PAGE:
Environment and Justice Program
Sweden is an exciting and progressive place to study environmental issues and policies. The concept of sustainability was embraced by government and society very early on, and today Sweden’s prominence in the European Union (EU) as a leader in sustainability is evident in many ways. If you’re interested in studying in a beautiful and sustainable place in Europe, then we have just the opportunity for you!
The Newman Institute is a Jesuit college in Scandinavia, rich in the teaching tradition of St. Ignatius of Loyola. We offer bachelor degree programs in theology and philosophy, as well as the new program in Environment and Justice. Our academic programs are small and flexible and provide a personalized learning experience.
Meet our sustainability expert
Andreas Carlgren, the Swedish Minister for the Environment between 2006 and 2011, teaches the majority of the courses in the Environment and Justice program. He joined the Newman Institute in 2012 to develop the new program. His experience from politics and his close contact with leading experts in environment and sustainability in Sweden contribute to a rich and exciting educational program.
All Courses in Environment and Justice Program 2017-18
Required Courses offered in Fall 2017
International Climate Change Negotiations
Why are there such great difficulties in negotiating comprehensive international agreements which would reduce greenhouse gas emissions sufficiently? On the issue of climate change, what has happened globally? How have countries’ positions changed over time, and why? During this course we will follow the developments of climate change negotiations in recent times. Students of this course will learn the history of the UNFCCC’s work, in an attempt to understand the complexities of negotiation and implementation. Aspects of climate justice and global equity will be studied. The interaction between political process and scientific research will also be investigated.
Swedish Environmental Policy and Praxis
How does the Swedish government work to create sustainable and ecological development in Sweden? In this course you will explore this question through discussions about various policy tools and by examining concrete examples of action. You will also learn about the role that the state government, local municipalities and business communities play.
Human and Social Development Within Planetary Boundaries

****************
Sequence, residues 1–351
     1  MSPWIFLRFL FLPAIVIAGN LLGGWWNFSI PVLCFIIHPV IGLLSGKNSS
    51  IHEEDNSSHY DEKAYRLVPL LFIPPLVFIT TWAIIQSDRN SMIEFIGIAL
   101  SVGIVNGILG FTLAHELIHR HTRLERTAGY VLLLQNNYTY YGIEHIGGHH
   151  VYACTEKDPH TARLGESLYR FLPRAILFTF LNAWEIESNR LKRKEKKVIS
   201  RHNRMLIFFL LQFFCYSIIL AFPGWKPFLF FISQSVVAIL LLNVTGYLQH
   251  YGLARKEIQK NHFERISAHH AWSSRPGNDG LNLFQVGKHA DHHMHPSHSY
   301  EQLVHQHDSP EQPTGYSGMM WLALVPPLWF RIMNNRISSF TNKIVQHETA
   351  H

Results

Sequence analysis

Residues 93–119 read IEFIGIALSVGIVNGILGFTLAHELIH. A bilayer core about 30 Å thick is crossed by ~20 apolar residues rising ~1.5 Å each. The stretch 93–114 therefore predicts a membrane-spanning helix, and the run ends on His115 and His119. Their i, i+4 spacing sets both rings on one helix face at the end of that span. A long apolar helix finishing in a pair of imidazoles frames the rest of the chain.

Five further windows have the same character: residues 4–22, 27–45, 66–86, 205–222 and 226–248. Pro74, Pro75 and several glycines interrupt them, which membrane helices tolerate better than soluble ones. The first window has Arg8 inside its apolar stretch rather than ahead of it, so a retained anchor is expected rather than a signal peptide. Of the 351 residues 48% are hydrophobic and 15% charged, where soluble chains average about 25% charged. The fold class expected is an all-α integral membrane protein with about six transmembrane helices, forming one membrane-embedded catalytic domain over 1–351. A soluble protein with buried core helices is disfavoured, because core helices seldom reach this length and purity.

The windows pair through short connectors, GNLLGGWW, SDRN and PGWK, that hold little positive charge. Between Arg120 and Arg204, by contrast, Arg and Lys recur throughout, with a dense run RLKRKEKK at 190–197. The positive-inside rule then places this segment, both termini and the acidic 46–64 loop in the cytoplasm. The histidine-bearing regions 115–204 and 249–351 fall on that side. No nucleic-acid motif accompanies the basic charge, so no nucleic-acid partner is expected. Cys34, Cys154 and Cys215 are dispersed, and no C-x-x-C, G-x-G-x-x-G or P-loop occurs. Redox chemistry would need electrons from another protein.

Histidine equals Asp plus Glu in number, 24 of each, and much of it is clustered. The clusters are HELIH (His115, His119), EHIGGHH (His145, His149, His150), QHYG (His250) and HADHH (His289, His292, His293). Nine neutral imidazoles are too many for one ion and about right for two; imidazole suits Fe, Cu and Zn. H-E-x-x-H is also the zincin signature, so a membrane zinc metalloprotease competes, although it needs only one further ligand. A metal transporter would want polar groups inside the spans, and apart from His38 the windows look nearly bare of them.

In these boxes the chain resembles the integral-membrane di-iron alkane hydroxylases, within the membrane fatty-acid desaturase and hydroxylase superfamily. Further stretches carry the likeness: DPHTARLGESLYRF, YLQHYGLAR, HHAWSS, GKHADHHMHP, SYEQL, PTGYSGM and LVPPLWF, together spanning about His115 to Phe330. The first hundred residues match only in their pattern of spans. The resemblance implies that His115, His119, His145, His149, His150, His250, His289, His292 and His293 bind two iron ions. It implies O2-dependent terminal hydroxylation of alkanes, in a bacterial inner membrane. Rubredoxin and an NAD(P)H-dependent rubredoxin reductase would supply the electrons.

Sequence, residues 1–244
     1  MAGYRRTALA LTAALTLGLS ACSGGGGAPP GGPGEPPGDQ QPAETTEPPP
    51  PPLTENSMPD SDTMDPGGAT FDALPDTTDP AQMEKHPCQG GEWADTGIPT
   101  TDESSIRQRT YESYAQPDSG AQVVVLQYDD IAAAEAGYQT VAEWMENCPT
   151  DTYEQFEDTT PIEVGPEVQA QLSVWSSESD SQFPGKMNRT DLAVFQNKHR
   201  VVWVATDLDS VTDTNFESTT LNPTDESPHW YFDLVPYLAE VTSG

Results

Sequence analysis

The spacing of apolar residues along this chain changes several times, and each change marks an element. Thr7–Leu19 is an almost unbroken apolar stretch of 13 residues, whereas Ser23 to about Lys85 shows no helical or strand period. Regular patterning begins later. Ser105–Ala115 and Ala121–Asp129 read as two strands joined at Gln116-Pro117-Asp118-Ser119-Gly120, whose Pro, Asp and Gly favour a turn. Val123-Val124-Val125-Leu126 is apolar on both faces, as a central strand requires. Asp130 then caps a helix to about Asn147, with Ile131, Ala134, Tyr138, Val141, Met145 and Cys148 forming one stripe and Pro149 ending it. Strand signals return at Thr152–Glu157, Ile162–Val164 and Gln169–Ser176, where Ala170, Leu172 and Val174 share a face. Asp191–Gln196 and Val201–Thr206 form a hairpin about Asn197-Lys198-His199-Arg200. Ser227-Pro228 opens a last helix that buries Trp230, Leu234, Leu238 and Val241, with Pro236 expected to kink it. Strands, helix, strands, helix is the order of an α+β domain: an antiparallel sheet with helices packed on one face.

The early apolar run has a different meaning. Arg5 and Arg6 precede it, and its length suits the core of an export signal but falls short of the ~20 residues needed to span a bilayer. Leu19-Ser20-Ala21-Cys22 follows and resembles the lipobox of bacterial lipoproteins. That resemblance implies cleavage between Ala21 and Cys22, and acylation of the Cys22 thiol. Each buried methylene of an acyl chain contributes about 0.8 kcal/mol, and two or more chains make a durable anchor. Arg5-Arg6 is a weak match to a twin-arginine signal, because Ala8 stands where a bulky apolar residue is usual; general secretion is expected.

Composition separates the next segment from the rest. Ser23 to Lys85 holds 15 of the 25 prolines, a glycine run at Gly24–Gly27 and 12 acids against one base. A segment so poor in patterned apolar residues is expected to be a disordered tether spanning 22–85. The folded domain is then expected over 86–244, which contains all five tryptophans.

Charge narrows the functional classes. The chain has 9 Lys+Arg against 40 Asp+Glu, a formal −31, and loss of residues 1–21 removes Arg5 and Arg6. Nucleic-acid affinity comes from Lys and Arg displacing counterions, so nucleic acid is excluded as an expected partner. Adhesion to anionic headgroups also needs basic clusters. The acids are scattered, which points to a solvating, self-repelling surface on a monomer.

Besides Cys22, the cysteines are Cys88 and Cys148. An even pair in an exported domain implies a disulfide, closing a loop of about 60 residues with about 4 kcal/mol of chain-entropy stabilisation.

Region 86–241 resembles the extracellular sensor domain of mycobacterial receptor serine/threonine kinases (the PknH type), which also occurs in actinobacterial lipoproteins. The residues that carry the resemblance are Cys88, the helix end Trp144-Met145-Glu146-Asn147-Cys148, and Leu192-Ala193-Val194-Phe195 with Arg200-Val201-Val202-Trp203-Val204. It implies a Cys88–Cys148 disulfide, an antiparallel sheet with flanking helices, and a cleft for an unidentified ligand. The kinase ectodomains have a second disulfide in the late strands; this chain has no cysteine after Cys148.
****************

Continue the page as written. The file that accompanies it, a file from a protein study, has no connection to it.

In this course you will visit both the Stockholm Environment Institute and the Stockholm Resilience Center, which will give you an understanding of the concepts within sustainability science. You will discuss pathways for ensuring safe and just human development for present and future generations, and see trends in human-caused global environmental changes. After having completed the course, you will be able to understand key concepts in global environmental change and their theoretical underpinnings.
Elective Courses offered in Fall 2017
Theology and Film
The course is directed to those who wish to study and critically analyze modern film and the significance of religious, ethical, philosophical and other ideas in these cultural expressions. The course is based on an interplay between analysis in cinema studies and theology. Popular films and artistic films are considered. Sequences from current films will be introduced and analyzed during the course. Course participants will practice their ability to report on and analyze film content, as well as to discern and discuss their religious and worldviews.
Natural Law in Moral and Political Thought
Natural law ethics is introduced as a current within moral and political philosophy, in a historical, comparative and applied perspective. Initially, the origins of the natural law tradition are studied in the ethics of Aristotle and Thomas Aquinas. The emphasis is on recent natural law theory and its areas of application in contemporary moral and political thought. The student is given the opportunity to apply theory independently, and discuss ethical problems within areas such as bioethics, social justice and the ethics of war and peace. The course also brings up alternative ethical traditions that question the idea of a natural law. Contradictions within and between ethical systems are discussed in order to enhance the student’s own capacity to evaluate and analyse moral and political arguments.
Elective Courses offered in Spring 2018
Communicating with Heart and Soul: The Craft of Moral Dramatization
“The responsibility of the writer as a moral agent,” Noam Chomsky once observed, “is to try to bring the truth about matters of human significance to an audience that can do something about them.” But what if the audience does not care about distant atrocities or gradual catastrophes? Through case studies and practical workshops, we investigate the creative methods that engaged citizens have used to communicate the ethical urgency of human predicaments.
Modern Swedish Culture through Literature
This course gives students the opportunity to read a selected number of novels, short stories and poems written by modern Swedish authors between 1900 and 2015, some of them awarded the Nobel Prize, some of them bestsellers. At the same time, students will deepen their knowledge and understanding of the cultural and social traditions associated with these works. Five modern novels, a few short stories and one long poem will be studied from historical, literary and cultural perspectives. Issues of nationalism and ethnic minorities, gender and age, love and crime, urbanism and nature, secularism and religious belief will be discussed. Excursions to libraries and museums in Stockholm (such as the Nobel Museum and the Nobel Library, Junibacken and the Swedish Institute for Children’s Books) are included.